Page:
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When I review Hatcher's proof on the fact $$\pi_{n}(\prod X_{\alpha})=\prod_{\alpha}\pi_{n}(X_{\alpha})$$I found I cannot really follow. He wrote "A map $f:Y\rightarrow \prod X_{\alpha}$ is the same thing as a collection of maps $f_{\alpha}:Y\rightarrow X_{\alpha}$. Taking $Y$ to be $\mathbb{S}^{n}$ and $\mathbb{S}^{n}\times I$ gives the result. "

I am confused because the result is intuitive and (probably) trivial, but I do not see how his first line and second line connected together. Presumably the second line means something induced from the earlier proposition on covering maps, but still I do not see how to use this to prove the above statement.

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Forget about the hint and try to prove it directly. When you are done you will notice that you have followed the hint. –  Mariano Suárez-Alvarez Nov 29 '12 at 5:18
    
If the index is finite, then a naive argument on projection into coordinates might suffice. But if the index is uncountable, then I believe I am on the wrong track. Image I need to prove this for $\mathbb{S}^{2}$ and $X=\mathbb{R}\times \mathbb{R}$ graphically, I still could not really follow the hint. Sorry for being slow. –  Bombyx mori Nov 29 '12 at 5:29
    
Why do you say «might»? Have you actually tried to do it? –  Mariano Suárez-Alvarez Nov 29 '12 at 15:02
    
okay. let me construct a proof and you may criticize on it later. –  Bombyx mori Nov 29 '12 at 16:03
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1 Answer

For any map $\mathbb{S}^{n}$ to $\prod X_{\alpha}$, composition with projection give us $f_{\alpha}\rightarrow \prod X_{\alpha}$. So we have a map $$F:\pi_{n}\prod X_{\alpha}\rightarrow \prod \pi_{n}(X_{\alpha})$$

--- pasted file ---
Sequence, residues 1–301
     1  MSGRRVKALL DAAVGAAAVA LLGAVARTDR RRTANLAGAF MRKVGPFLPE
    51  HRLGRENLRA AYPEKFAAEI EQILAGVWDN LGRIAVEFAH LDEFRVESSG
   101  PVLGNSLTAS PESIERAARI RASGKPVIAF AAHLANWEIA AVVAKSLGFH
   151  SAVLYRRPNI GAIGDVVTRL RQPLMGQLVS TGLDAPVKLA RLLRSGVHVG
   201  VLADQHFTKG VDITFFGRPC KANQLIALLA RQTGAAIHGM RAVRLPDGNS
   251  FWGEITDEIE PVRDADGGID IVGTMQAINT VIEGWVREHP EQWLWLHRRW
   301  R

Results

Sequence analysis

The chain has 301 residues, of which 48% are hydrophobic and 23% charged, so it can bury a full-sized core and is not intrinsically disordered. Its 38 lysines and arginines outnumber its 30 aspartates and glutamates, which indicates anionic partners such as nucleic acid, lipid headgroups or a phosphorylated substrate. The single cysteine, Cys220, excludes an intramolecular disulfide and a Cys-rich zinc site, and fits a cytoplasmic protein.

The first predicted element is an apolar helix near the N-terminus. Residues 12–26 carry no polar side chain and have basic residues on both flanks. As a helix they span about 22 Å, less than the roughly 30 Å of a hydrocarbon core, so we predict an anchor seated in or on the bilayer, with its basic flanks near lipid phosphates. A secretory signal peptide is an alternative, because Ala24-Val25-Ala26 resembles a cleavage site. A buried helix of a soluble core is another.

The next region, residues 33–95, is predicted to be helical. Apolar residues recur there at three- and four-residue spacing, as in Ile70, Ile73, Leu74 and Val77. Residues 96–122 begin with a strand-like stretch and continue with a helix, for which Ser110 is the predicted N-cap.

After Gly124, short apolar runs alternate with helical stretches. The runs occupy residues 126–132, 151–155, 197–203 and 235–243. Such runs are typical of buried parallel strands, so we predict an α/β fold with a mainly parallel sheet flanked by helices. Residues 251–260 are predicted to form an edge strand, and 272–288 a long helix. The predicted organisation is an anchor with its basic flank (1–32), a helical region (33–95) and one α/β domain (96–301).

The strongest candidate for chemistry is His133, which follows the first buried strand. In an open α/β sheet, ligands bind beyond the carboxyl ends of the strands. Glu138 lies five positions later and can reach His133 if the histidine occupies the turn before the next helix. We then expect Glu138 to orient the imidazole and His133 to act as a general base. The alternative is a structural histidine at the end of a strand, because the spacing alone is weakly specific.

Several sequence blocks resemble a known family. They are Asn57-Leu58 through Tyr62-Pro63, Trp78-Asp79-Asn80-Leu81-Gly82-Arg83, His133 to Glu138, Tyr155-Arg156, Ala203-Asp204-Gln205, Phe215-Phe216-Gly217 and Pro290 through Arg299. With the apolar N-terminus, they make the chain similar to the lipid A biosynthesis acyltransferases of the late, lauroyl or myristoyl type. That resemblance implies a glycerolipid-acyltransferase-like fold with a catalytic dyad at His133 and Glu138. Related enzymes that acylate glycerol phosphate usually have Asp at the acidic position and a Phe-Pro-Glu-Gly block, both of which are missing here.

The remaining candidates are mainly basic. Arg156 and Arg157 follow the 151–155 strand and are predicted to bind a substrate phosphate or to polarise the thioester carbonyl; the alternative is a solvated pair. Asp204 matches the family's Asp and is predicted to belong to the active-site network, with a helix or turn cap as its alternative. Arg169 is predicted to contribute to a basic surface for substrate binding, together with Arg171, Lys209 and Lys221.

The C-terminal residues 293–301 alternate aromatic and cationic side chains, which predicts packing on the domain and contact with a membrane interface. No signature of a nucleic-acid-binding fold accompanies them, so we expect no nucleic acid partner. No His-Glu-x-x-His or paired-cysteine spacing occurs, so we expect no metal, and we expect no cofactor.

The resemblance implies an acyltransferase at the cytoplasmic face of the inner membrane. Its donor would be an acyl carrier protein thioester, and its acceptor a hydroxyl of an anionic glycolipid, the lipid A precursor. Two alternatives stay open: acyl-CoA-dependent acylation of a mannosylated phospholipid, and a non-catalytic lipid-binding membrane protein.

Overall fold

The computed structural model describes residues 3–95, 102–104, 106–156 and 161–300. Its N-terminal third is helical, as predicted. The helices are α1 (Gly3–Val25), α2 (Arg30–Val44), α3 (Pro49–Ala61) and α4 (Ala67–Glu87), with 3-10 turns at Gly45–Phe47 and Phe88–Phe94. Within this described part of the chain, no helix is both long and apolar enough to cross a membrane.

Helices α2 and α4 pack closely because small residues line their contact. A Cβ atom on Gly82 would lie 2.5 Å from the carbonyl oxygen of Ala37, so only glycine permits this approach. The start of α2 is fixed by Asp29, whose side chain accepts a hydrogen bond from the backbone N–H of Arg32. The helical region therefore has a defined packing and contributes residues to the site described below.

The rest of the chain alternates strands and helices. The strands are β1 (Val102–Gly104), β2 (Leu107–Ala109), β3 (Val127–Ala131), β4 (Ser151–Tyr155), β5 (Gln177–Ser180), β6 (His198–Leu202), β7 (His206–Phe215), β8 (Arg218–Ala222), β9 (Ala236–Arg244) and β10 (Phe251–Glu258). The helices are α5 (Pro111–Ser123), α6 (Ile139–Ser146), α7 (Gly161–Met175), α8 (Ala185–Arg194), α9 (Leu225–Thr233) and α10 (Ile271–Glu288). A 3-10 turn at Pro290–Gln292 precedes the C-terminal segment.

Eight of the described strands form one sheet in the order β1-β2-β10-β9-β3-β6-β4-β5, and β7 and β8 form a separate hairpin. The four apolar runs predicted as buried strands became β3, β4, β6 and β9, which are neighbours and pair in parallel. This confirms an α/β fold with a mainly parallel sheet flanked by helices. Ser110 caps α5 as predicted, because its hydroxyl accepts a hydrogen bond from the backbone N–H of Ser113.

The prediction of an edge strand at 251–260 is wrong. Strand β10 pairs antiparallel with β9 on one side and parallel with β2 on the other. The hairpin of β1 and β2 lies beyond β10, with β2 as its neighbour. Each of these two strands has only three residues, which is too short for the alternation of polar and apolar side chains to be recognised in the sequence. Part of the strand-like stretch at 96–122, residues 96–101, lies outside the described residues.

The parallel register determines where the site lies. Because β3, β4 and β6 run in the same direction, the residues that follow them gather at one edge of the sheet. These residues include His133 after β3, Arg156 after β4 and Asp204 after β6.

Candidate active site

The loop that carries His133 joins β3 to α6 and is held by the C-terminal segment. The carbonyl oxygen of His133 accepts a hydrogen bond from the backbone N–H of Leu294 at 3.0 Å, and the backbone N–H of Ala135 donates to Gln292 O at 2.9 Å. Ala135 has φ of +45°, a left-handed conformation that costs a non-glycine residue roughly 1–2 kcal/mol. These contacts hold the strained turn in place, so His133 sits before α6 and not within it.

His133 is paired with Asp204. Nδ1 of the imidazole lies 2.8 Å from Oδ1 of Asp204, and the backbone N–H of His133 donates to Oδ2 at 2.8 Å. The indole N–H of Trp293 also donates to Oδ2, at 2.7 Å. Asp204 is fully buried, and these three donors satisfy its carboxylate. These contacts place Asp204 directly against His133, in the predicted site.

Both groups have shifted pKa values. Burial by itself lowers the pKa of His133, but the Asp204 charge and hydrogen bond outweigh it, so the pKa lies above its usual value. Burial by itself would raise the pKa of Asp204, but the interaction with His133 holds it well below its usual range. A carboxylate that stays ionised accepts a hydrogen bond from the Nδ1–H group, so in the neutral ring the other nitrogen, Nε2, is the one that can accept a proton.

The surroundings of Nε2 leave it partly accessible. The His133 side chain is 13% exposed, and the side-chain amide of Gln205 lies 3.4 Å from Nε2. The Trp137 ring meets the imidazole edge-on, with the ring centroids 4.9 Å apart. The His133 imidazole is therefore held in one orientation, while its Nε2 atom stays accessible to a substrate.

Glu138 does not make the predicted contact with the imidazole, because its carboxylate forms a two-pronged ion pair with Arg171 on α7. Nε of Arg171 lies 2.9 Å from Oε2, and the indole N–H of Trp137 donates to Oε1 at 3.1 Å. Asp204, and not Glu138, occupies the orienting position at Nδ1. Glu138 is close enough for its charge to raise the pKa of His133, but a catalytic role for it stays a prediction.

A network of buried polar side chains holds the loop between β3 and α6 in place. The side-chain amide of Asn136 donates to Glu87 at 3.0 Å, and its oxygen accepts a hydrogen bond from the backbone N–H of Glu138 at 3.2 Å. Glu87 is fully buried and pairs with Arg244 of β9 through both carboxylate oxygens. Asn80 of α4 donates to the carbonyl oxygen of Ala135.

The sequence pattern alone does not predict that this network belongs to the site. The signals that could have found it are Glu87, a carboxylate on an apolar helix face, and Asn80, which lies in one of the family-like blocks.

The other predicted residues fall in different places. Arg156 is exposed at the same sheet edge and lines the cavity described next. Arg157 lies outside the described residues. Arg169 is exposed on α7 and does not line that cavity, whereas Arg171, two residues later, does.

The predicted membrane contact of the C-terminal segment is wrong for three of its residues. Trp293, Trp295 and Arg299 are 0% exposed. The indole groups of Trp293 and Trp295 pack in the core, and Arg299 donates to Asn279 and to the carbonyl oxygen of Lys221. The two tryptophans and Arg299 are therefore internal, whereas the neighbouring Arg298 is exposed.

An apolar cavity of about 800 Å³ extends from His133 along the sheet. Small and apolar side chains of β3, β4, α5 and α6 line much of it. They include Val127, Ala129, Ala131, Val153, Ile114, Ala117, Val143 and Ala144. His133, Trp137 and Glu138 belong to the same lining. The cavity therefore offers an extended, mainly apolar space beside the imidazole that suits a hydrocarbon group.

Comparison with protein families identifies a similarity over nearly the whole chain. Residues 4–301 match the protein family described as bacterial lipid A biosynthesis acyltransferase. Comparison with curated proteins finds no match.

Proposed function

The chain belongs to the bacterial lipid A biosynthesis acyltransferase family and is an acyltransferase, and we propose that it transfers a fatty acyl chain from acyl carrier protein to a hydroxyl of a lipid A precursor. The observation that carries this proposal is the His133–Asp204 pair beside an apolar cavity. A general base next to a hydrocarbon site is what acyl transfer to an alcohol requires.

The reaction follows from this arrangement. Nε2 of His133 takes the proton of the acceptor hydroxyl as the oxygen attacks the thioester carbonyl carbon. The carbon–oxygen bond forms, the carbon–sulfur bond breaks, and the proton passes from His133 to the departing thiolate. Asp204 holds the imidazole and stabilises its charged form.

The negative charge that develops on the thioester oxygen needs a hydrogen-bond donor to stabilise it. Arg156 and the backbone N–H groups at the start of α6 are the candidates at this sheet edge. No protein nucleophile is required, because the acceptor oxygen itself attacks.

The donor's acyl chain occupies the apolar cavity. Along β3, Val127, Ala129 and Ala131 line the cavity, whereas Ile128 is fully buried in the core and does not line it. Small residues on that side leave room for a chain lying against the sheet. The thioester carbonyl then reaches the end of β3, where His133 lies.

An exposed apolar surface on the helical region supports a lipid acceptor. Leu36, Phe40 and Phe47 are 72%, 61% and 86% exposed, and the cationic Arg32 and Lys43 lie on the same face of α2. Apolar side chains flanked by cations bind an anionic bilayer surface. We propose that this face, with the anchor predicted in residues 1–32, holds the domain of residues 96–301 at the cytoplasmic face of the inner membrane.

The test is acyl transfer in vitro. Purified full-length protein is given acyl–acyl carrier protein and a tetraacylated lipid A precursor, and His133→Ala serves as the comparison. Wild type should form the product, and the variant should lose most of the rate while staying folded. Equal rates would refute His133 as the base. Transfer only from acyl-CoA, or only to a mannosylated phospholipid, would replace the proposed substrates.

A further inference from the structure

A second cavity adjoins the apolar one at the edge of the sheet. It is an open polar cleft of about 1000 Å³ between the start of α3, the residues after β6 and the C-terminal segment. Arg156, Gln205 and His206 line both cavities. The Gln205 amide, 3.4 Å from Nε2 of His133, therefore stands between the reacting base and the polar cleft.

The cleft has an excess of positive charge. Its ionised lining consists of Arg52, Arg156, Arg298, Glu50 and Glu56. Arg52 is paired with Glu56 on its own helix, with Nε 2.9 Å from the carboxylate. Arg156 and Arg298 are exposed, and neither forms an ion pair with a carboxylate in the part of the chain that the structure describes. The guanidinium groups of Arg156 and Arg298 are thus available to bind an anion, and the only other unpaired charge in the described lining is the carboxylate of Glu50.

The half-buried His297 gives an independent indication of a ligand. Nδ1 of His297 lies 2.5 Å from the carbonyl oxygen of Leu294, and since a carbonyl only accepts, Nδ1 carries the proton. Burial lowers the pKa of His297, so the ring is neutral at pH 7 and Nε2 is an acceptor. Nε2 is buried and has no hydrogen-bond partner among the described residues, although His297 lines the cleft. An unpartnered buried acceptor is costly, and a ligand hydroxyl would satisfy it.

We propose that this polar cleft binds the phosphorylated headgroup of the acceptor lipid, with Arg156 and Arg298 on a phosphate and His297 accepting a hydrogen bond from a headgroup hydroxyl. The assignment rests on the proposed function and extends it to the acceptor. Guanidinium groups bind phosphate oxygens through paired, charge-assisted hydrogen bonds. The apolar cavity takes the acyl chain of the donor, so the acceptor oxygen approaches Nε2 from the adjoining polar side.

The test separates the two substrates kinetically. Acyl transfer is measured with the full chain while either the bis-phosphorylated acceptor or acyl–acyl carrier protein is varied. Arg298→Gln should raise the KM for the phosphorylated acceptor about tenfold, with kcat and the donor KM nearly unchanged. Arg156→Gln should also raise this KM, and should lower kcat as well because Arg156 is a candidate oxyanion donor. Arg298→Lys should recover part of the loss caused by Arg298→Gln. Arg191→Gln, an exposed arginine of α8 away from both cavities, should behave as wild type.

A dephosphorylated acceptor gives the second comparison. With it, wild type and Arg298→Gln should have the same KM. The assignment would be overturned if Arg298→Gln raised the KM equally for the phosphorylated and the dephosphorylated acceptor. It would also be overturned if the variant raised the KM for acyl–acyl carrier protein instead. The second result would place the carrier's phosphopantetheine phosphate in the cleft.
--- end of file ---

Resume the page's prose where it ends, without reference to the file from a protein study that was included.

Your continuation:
On the other hand given a family of maps $f_{\alpha}:\mathbb{S}^{n}\rightarrow X_{\alpha}$, by other's hint I can form a map $f':\mathbb{S}^{n}\rightarrow \prod X_{\alpha}$ such that $f'(x)_{\alpha}=f_{\alpha}(x)$. So we have an inverse map $$G:\prod \pi_{n}(X_{\alpha})\rightarrow \pi_{n}\prod X_{\alpha}$$ We have $FG=1, GF=1$. So the two groups are isomorphic.

Alternatively we can to prove $F$ is surjective and injective. Assume $\prod P_{\alpha}\in \prod \pi_{n}(X_{\alpha})$, then $G$ maps it to $\pi_{n}\prod X_{\alpha}$. By $FG=1$ we have $FG(\prod P_{\alpha})$ be $\prod P_{\alpha}$. This showed $F$ is surjective.

Injectivity is also clear because if $p\in \prod \pi_{n}(X_{\alpha})=0$, then there is a null homotopy $I\times \mathbb{S}^{n}$ such that ${0}\times \mathbb{S}^{n}\rightarrow p$, ${1}\times \mathbb{S}^{n}\rightarrow 0$. Then $Gp$ would have a null homotopy as well. This proved the above correspondence is one to one and onto. The fact that $F,G$ are group homomorphisms are directly follow from definition.

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"I do not know how to form a map..." How about the map $x \mapsto (f_\alpha(x))$? (One can in fact define the product of things as the universal gadget where maps into it are in natural bijection with the collection of maps into each of its factors...) –  Dylan Wilson Nov 29 '12 at 18:10
    
Your argument is not complete. If you really want input on your proof, you should write it out in detail. –  Mariano Suárez-Alvarez Nov 29 '12 at 18:31
    
Let me write in my detail then. –  Bombyx mori Nov 29 '12 at 21:23
    
updated.hopefully it is right this time. –  Bombyx mori Nov 29 '12 at 22:07
    
@MarianoSuárez-Alvarez: Sorry to bother you - can you check my proof? –  Bombyx mori Nov 30 '12 at 3:29
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